Duke's strange journey back is extra special to father, son

Danowskis reunite, look to share title

College Lacrosse

April 27, 2007|By Gary Lambrecht | Gary Lambrecht,Sun Reporter

This is how a father and a son come full circle. This is how a father and a son part ways when it's time, only to have a nightmare pull them back together for one special year, before life inevitably will split them up again.

After all these months of playing mentor and counselor to a program in need of a healing hand and a rock-solid teacher, Duke lacrosse coach John Danowski appreciates the surreal nature of it all.

It was only about five years ago, while he was working on a two-decade run as one of the game's more successful, respected coaches at Hofstra, that Danowski was telling his teenage son, Matt - destined to become an elite, Division I attackman - to get out of Long Island.

Don't feel obligated to come to Hofstra to help your old man win games, he told his boy. You owe me nothing. Get out on your own and find out who you are. Earn a prized degree from a prestigious school. Kick some butt in the Atlantic Coast Conference. Help Duke win a national title.

Matt is 21 now, a senior enjoying his last go-round while he prepares to graduate with a history degree at Duke and builds a strong case to become the nation's Player of the Year.

And he knows how right the old man was all along. And how right it feels that the father, like the son, left behind the familiar to pursue a mission.

"The best thing you can do in your life is be a parent. For 21 years, [Matt] was my son first," said John, who, with the exception of some brief, summer league seasons, had never coached Matt.

"If Matt wasn't here, I wouldn't even have applied for this job. It would just have been a story to me. But the story hit home, because I knew the people involved. It was intriguing, wondering if I could be successful at another place. The most overwhelming aspect of this was I've got to help Matt and his friends."

The scars are fresh, as a program puts a crisis - ultimately born of false accusations - behind it.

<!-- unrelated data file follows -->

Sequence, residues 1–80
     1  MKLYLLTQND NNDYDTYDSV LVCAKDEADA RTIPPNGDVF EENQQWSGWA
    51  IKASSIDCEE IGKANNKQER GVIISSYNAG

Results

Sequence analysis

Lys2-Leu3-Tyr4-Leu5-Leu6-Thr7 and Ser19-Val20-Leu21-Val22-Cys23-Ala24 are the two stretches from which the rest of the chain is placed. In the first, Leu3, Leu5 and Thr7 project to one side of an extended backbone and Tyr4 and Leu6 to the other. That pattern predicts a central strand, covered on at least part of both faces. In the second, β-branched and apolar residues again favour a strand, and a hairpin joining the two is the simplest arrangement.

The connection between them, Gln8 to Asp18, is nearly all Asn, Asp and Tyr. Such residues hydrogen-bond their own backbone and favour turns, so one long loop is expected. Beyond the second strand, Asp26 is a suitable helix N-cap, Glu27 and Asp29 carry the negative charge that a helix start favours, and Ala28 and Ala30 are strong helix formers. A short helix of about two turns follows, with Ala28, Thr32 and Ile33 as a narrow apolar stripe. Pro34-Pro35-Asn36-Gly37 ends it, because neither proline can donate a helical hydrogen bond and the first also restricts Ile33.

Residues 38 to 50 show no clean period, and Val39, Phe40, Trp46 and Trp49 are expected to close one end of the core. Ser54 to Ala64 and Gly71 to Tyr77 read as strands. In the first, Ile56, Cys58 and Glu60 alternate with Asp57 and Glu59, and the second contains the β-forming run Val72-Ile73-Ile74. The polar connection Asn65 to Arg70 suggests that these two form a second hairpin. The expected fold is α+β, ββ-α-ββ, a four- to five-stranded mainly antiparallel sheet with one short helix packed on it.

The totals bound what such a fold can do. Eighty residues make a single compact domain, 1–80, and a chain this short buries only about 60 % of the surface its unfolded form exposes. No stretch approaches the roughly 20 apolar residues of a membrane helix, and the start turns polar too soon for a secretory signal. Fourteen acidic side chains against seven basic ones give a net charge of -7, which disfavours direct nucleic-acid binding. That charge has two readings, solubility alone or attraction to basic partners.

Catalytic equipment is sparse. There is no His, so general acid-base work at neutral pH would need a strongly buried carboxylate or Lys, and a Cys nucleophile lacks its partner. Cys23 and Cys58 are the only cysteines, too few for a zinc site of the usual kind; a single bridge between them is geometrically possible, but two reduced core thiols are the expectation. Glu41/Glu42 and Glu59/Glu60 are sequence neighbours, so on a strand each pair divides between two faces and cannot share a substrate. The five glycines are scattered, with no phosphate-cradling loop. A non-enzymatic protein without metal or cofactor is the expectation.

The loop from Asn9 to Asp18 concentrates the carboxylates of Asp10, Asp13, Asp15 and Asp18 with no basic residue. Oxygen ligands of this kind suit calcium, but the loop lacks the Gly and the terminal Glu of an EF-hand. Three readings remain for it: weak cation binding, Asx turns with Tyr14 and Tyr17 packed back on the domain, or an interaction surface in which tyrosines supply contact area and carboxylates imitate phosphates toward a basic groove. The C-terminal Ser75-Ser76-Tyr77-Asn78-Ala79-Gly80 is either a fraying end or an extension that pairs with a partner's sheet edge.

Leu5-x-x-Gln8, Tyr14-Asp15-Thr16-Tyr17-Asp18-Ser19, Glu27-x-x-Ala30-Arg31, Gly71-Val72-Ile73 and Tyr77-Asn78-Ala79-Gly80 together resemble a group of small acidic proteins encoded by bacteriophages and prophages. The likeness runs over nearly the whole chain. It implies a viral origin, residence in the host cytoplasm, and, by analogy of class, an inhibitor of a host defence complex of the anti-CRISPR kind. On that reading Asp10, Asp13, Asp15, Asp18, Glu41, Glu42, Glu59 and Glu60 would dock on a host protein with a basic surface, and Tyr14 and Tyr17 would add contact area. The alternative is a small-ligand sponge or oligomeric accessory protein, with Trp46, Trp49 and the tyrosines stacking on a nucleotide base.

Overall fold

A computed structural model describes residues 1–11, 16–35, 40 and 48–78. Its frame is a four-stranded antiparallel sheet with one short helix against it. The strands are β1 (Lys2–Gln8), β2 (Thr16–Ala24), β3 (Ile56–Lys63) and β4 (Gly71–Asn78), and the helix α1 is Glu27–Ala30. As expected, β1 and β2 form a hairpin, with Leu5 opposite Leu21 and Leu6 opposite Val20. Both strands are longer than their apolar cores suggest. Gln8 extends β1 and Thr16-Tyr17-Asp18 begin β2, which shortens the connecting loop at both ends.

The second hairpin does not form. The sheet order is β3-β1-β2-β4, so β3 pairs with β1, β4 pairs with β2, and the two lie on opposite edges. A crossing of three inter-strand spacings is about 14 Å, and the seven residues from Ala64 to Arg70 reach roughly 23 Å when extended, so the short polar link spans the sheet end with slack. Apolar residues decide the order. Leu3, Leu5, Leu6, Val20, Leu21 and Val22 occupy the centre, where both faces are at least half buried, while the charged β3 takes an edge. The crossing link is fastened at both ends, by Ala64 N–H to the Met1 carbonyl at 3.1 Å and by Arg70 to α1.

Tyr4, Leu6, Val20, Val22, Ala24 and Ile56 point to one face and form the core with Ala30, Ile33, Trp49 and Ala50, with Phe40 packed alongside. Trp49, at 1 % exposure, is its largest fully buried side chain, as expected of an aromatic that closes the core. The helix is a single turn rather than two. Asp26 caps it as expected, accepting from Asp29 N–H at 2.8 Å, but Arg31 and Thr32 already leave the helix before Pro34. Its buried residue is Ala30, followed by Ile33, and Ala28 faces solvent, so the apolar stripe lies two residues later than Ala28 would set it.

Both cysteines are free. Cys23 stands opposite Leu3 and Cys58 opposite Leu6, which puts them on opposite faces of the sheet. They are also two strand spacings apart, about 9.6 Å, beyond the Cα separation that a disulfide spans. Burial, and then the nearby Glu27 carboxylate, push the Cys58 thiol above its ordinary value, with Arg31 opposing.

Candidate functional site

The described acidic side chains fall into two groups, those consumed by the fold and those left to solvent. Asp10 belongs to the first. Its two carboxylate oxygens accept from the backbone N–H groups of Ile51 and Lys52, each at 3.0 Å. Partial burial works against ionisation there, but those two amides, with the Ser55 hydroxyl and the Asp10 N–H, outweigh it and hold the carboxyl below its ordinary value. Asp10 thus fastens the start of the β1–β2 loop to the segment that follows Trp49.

A year after that infamous team party, after a stripper accused former Duke players David Evans, Collin Finnerty and Reade Seligmann of rape and caused a season to end early and 16-year coach Mike Pressler to resign, the case that sparked a national stir officially has crumbled.

Return to normalcy

Long before April 11, the day North Carolina Attorney General Roy Cooper publicly chastised District Attorney Michael Nifong for pursuing a case without merit and dropped all remaining charges against the players, John Danowski was helping Matt and his friends move on.

"It could have been awkward, but [John] did a good job of coming in and saying I'm here, this is a fall tryout and this is how I want to do things," Matt said. "He doesn't scream. He's never too high, never too low.

"He's made it feel pretty normal around here, even though this is not a normal year. We've done a good job of keeping that fine line between father/son and player/coach. I see him a couple of times a week [away from lacrosse]. I've gotten to know him again in a different manner."

From the day John leased an apartment about a mile off campus - his wife, Patricia, still lives back in Farmingdale, N.Y., where she works as an ultrasound technician and makes it to most Duke games - he said he has been careful about giving Matt space.

Other than the nearly daily, lacrosse-related contact during the season, father and son dine together once or twice a week and occasionally go food shopping for Matt. They talk about the past, present and future. They enjoy each other's company.

A feeling of mutual hurt has strengthened a bond that was always strong. A year ago, after Matt told his father he was "98 percent sure nothing happened" at that party, a strange, painful spring unfolded.

The Blue Devils had their designs on returning to the NCAA title game they had lost in 2005 yanked away, just eight games into the season. Up north, John was leading Hofstra to a 17-2 finish, his best in 21 years there.

"I actually talked to [my parents] less and less, because I didn't want to pass [the pain] on to them," Matt said.

"Hofstra was the only team I followed [after Duke lost its season], and there was a hint of jealousy. But one of the most hurtful parts of [the case] was it was taking attention away from his team and what they were doing."

Said John: "I struggled off the field. My wife was miserable. I was miserable. Getting on the field was a sanctuary."

Headed for title shot

When some Duke parents urged him to seek the Blue Devils' job last spring, John listened to his heart. And just like that, Danowski was hired and breaking away from the program he had built. He won 192 games and guided the Pride to eight NCAA tournaments.

Some things quickly became apparent to the Duke players. John could be hands-on and hands-off, meaning he was a stickler for hustle and discipline, and at the same time was removing some of Pressler's structure and giving the players more room to create.

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